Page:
Action to Care: No snow in Annapolis, but a flurry of budget news….

There was a winter weather advisory for December 15 here in Annapolis. We did not get any snow, but the day did bring a flurry of state budget news.


As we have reported before, state finances are in a historically positive position. The legislature’s staff projects a total surplus in the neighborhood of $6 billion (including 2.5 billion to meet the 10% target for the “Rainy day” reserve fund).


Draft Budget Moves to Transition Team. Hogan includes initiatives in healthcare, police, housing, and community development.
Outgoing Governor Hogan announced the completion of his draft budget, which now goes to the new administration for revision and completion. Incoming Governor Moore will need to introduce the budget on January 20, just two days after the inauguration. Governor Hogan included an array of initiatives in his draft. Governor Moore will have to decide whether to keep them,  modify them, or delete them from the version he proposes.


Revenue Estimates remain strong. Small downward adjustment related to income tax on investment gains.
The State Board of revenue estimates updated its estimate of state revenues, reducing the amounts for the current and upcoming fiscal years by a total of $111 million. In the context of the $25 billion state general fund, this is a small adjustment.

The reduction is virtually all because state taxes on capital gains are now projected to drop more sharply than was the case in the September estimate. The economic outlook has softened since the last round of estimates in September. However, the September estimates were considered “conservative” and they anticipated some weakening of the economy. These estimates predict reduced economic growth, but not an outright recession.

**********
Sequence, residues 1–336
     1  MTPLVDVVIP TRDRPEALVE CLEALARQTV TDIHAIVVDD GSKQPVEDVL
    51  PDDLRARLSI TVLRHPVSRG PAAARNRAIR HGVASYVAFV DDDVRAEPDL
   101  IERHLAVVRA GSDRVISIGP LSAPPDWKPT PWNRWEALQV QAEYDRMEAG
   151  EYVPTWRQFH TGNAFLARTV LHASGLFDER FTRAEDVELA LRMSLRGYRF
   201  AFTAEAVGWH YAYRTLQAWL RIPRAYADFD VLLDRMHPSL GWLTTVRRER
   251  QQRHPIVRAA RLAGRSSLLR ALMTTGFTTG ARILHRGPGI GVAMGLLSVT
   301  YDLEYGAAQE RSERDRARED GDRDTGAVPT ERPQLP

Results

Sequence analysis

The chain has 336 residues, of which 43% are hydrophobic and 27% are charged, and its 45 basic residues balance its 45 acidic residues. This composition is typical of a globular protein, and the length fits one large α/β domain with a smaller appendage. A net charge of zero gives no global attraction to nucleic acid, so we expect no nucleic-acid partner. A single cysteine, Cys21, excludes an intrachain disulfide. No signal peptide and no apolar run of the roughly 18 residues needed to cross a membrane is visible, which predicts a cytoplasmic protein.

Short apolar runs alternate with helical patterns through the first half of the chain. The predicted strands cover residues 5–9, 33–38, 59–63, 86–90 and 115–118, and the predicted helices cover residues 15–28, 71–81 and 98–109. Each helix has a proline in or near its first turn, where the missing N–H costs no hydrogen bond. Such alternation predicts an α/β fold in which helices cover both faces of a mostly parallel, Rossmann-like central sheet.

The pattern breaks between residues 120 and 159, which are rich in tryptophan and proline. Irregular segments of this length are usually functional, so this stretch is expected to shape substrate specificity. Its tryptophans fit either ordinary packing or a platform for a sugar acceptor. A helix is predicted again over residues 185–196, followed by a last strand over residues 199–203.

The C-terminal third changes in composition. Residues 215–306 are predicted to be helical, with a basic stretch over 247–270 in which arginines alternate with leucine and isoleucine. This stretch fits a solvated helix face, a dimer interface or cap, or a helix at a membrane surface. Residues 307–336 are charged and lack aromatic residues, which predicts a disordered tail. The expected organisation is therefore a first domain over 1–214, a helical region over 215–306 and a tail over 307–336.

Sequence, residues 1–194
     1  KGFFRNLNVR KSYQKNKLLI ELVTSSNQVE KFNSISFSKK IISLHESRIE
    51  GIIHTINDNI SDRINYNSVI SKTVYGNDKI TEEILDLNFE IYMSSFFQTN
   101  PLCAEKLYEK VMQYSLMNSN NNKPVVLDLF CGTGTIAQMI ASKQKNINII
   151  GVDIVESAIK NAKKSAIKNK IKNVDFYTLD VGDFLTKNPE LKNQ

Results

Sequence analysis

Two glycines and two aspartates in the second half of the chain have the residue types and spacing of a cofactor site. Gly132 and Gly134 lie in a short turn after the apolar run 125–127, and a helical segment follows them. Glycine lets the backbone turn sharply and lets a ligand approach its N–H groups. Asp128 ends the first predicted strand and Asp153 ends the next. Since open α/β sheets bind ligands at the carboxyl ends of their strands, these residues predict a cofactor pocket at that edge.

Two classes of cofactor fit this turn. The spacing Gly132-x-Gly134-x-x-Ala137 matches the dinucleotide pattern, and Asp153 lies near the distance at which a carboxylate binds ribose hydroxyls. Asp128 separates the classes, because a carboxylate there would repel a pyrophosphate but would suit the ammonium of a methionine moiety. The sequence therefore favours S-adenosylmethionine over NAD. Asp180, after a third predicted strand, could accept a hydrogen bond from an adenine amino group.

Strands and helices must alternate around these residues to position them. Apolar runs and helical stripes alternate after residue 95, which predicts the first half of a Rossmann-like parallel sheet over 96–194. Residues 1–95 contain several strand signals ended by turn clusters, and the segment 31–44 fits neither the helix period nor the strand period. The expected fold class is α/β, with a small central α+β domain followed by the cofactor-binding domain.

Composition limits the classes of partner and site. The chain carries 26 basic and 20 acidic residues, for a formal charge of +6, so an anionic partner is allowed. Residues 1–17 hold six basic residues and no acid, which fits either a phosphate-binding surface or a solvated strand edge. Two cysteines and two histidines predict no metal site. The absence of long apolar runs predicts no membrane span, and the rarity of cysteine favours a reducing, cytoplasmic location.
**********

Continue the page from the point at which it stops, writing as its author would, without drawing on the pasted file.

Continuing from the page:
The Legislative Spending Affordability Committee recommends ‘don’t spend it all right away.’
The legislative Spending Affordability Committee made recommendations on the amount the  budget should be allowed to grow. They want the state to leave a $350 million cash balance, and to leave a structural surplus of at least $100 million (ongoing revenues should exceed ongoing spending by that much).

The Committee recommended using a portion of the surplus for construction projects, reducing future unfunded liabilities, state workforce, education and transportation needs.


What this means for nonprofits.
Today’s news reinforces the state’s positive financial picture. It is still an opportune time for nonprofits to advocate for increased funding to support their operations and advance their missions. With the Hogan Administration’s announcement that it has completed work on the draft budget, advocates’ attention needs to turn to the Transition Team and the new Moore administration.

Neil Bergsman is the Senior Policy Analyst at Maryland Nonprofits. His work focuses on fiscal affairs, nonprofit research, and economic policy.